Author(s): Stinissen P, Medaer R, Raus J, Stinissen P, Medaer R, Raus J
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Abstract Multiple sclerosis (MS) is a chronic inflammatory disease of the central nervous system (CNS) leading to demyelination. Although it is widely accepted that demyelination in MS results from an active inflammatory process, the cause of the inflammation is still not completely resolved. Findings in experimental autoimmune encephalomyelitis (EAE), an animal model of MS, and observations in human MS have led to the hypothesis that MS is an autoimmune disease mediated by autoreactive T cells with specificity for myelin antigens. The identity of the brain antigen(s) which is (are) the primary target(s) of the autoimmune process is not known, but current evidence indicates that myelin basic protein (MBP) is a likely candidate. In this paper we will overview some of the experimental evidence suggesting that MBP reactive T cells hold a central position in the pathogenesis of MS, and discuss some of the currently tested therapeutic strategies in MS which are directed towards the pathogenic MBP reactive T cells. Although there appears to be no direct correlation between anti-MBP T cell responses and clinical disease activity, some recent observations suggest that monitoring of anti-MBP T cell responses could be helpful to study immunological efficacy of experimental immunotherapies in MS.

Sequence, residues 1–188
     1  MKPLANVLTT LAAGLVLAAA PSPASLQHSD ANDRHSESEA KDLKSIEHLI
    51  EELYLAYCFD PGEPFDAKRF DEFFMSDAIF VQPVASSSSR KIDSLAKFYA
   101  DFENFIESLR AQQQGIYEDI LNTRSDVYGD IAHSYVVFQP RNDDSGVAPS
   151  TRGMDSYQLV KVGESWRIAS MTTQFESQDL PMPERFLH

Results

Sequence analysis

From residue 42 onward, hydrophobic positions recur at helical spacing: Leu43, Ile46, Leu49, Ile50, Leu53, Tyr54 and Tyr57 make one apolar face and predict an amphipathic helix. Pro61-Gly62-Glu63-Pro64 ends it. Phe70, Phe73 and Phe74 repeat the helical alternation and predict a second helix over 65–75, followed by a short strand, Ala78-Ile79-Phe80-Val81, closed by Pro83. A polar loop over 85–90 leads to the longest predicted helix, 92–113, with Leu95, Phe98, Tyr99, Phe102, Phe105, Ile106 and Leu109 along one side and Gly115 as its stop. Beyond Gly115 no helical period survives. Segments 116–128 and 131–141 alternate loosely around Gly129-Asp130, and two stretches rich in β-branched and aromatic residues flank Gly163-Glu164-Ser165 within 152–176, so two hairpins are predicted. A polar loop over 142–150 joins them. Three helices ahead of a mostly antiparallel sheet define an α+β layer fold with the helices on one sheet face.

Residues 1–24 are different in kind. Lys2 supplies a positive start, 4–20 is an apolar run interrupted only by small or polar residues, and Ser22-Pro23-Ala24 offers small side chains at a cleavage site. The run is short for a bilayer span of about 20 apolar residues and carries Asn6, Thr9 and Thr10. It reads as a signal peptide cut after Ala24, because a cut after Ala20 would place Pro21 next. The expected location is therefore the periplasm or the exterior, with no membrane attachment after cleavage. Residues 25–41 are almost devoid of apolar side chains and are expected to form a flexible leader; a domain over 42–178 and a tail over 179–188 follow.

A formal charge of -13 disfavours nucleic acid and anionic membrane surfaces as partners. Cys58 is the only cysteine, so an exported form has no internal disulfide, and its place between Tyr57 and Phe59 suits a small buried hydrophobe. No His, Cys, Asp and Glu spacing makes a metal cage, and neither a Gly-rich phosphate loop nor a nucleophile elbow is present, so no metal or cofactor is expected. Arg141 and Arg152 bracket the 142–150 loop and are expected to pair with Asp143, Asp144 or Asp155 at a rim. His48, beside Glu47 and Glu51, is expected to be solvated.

This article was published in Mult Scler
and referenced in Immunome Research